On the way to Temiskaming Shores and in clearer weather I began to appreciate the 798cc parallel twin powered GS engine. It was a smooth rider and the suspension effortlessly ate bumps and potholes until I started forgetting they existed at all. The bike was well balanced and even at around 550 pounds (250 kilograms) fueled and with cargo it seldom felt top heavy.
North of Temiskaming we started hitting some very nice desolate highways. King’s Highway 65 provided the first tasty straightaway to open the bike up. While the acceleration was not mind blowing the bike did the ton with ease and the 6.3 gallon (23.8 liter) fuel tank and approximately 300 mile (480 kilometer) range left me feeling secure tearing it up in the middle of nowhere. One small annoyance was the resonance of the bike at highway speed. While not a deal breaker and it didn’t buzz my hands into numbness like a big cruiser, the vibrations of the BMW throughout the rev range grew slightly irritating after a few hours.
Hitting Highway 66 the bike got its first heavy dose of twisties. The bike felt much taller in turns than I was used to and had a big lean that made the road feel much smaller.
Proceeding onto the incredible and desolate Highway 672 I saw more bears than cars. This is where I was thankful for the ABS. I came into a sandy turn a little hotter than I’d liked and when I got aggressive with the front Brembo brake the ABS responded beautifully.
Now in the Arctic Watershed and on the road to Cochrane I was far enough north that civilization and pavement were disappearing and dirt logging roads and ATV trails were popping up everywhere. This is where the real adventure began and I got to see the true capabilities of the BMW F800 GS Adventure.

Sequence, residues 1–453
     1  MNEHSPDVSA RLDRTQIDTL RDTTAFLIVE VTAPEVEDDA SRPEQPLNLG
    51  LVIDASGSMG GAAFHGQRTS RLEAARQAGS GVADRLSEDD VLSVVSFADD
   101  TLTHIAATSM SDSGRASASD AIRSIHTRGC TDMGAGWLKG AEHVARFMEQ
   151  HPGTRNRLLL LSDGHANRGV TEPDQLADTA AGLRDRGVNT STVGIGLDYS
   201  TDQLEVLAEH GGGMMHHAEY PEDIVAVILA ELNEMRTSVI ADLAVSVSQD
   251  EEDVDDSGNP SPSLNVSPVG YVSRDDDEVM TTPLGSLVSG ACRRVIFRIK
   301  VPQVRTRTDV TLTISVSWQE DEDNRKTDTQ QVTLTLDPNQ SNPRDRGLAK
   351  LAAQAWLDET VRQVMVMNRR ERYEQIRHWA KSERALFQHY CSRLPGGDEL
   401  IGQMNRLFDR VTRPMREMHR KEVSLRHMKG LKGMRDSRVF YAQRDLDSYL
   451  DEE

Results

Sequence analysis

This bike was not babied on these roads. Despite being 100km (60 miles) down dirt and gravel roads in the middle of a forest I was pushing the bike hard and even might have laid it down once or twice in thick gravel. As soon as my tires left the pavement and hit dirt I activated the BMW’s Enduro mode with the push of a button. This is where the BMW truly shines. The traction control (ASC) is impressive off road to say the least and with the combination of the ABS this bike is a superstar in the dirt. The 61 ft-lb (82.7 N-m) of torque wasn’t too shabby either. Not the fault of BMW, but the lack of knobby tires left me hungry for more as some trails were too rugged and the risk too high with a bike loaded with gear in the middle of nowhere.
One concern I did have about this bike was its lack of a formidable skid plate. The vulnerable positioning of the oil filter and exhaust header pipes at the front of the engine concerned me enough that I would suggest with no hesitation that buying the optional aluminum plate is a requirement if you intend to go off road.
After a week of balls to the wall riding through remarkable Ontario in a vast array of weather conditions and on nearly all surfaces I confidently tested this motorcycle over 2,500 kilometers (1,550 miles). The BMW F800GS Adventure is the jack-of-all-trades and lives up to the Adventure it is so aptly named. It had the off road capabilities of a smaller bike while maintaining the touring comforts you might expect from the 1200GS series. I rode a lot of bikes this year, but the BMW F800GS Adventure might have tipped the scale and converted me to the church of adventure motorcycles for good.